“Before I was seeking to take animals out of their habitat, which is a bit of a contrast to what I’m now discussing which is a bit of both worlds. What I’m trying to do now is link us back to the real key issues about habitat and yet convey the feelings and emotions of an animal’s personality.”

The human touch

Tim Flach’s work gives us an opportunity to pause and reflect on how we view animals. But although his approach might sound easy, the reality is anything but.

“In the case of working with the animal and its owner, such as dogs,” he explains, “The dog is as much bonded with its human as it with another dog. Any of us who try to make a living out of this will all say that we work as a team. If the owner is getting stressed because they think their ‘darling’ is being put under pressure – even when the reality might be quite different – then you have a problem because the shoot stops, or the animal gets stressed because it knows its owner is stressed. So I try to engage the owner and give them a sense of what we are doing and how it might be special so that they become recruited and as much a part of the process as possible. Thereby the energy is right and that energy allows for more opportunities and more clarity around the thought process and strategy of what we do.”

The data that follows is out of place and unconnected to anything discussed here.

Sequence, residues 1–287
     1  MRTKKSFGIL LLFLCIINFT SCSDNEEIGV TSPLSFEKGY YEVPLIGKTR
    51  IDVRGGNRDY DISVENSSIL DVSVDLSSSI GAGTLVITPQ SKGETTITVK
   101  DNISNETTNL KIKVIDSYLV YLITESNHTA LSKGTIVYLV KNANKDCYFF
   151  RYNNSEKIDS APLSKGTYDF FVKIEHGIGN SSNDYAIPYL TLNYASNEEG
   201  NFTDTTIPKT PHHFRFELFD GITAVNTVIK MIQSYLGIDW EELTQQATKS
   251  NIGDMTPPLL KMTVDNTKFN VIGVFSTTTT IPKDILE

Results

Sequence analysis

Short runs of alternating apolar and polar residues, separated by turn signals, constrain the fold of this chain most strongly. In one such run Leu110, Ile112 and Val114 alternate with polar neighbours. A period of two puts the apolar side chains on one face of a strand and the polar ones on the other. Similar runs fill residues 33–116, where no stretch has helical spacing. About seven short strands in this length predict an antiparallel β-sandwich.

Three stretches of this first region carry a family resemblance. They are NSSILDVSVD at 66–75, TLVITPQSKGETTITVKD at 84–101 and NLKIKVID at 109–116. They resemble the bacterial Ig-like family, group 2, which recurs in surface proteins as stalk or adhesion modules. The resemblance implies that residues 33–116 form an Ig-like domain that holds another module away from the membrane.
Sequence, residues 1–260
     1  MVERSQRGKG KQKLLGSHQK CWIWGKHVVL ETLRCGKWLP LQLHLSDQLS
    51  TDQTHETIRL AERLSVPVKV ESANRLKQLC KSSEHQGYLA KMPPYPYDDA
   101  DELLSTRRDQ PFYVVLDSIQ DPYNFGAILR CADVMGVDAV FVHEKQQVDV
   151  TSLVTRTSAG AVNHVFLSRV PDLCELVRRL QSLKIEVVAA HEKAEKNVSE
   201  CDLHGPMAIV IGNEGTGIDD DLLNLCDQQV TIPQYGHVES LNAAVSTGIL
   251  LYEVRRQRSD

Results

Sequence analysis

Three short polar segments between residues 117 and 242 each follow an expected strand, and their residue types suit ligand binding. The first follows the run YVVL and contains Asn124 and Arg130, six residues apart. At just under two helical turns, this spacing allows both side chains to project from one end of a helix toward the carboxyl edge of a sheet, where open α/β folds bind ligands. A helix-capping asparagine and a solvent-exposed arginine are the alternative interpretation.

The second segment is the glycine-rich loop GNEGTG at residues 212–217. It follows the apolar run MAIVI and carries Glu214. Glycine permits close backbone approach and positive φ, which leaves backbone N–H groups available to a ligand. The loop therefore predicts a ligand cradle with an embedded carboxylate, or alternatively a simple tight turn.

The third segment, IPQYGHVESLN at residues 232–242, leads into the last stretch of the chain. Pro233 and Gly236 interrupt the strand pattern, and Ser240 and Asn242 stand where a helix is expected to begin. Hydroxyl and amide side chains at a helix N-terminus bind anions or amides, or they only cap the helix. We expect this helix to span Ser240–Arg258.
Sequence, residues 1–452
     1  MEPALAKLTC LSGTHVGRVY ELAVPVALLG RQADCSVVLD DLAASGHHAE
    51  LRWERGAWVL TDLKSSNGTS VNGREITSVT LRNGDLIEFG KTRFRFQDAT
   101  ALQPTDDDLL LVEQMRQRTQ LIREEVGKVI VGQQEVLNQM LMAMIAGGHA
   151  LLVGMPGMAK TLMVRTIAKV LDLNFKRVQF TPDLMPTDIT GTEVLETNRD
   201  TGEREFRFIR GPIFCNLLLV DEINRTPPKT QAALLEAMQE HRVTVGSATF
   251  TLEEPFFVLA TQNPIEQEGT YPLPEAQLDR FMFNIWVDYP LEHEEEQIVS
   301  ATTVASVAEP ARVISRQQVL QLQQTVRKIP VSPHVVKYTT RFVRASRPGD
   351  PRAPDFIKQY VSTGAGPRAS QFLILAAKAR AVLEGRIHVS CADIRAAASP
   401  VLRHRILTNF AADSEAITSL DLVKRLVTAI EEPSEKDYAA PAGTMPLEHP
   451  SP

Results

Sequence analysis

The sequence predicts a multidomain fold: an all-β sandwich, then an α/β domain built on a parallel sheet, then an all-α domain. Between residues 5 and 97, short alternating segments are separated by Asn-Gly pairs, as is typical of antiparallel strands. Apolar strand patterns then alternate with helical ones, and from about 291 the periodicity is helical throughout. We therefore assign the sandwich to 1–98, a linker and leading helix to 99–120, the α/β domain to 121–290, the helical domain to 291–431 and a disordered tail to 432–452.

It gets harder with animals that aren’t so domesticated, he reveals: “We once had an orangutan in the studio and it took eight people to stop him from attempting to harm one of the handlers, because he had adopted a dominant body language that the orangutan took exception to. And then we had another instance with some big cats and a girl on set, who was quite diminutive as a person. We had to watch out that the cats didn't go for her. Eventually as a precaution we chose to remove her from the set.”

“The more you are conscious of what’s happening to the natural world, the more you feel compelled to engage with it. As Sir David Attenborough said, ‘Damage to the natural world, is damage to humanity.’ And that’s never been more apt than now and I hope my work encourages consciousness around these concerns. If we don’t look at the outcome of damaging the natural world, we will be the poorer for it.”

Biographie: Tim Flach

Tim Flach

Over the past decade, Tim Flach's work has increasingly focused on animals, ranging widely across species but united by a distinctive style that is derived from his concerns with anthropomorphism and anthropocentrism. His interests lie in the way humans shape animals, and shape their meaning. Whether genetically, as with the featherless chicken, or with the symbolism that gives a special significance to a dove but dismisses a London pigeon as a flying rat. His images aim to promote discussion and encourage debate. He has three major bodies of work, concerning different subject (Equus, focusing on the horse, Dog Gods, on canines, and More Than Human, a broad exploration of the world’s species), and has published four books; Evolution, 2013, More than Human, 2012, Dog Gods, 2010 and Equus, 2008. Flach is an Honorary Fellow of the Royal Photographic Society, and was awarded an Honorary Doctorate from Norwich University of the Arts in 2013. He lives and works in London, with his wife and son.


White tiger. From Tim’s award-winning series ‘Almost Human’.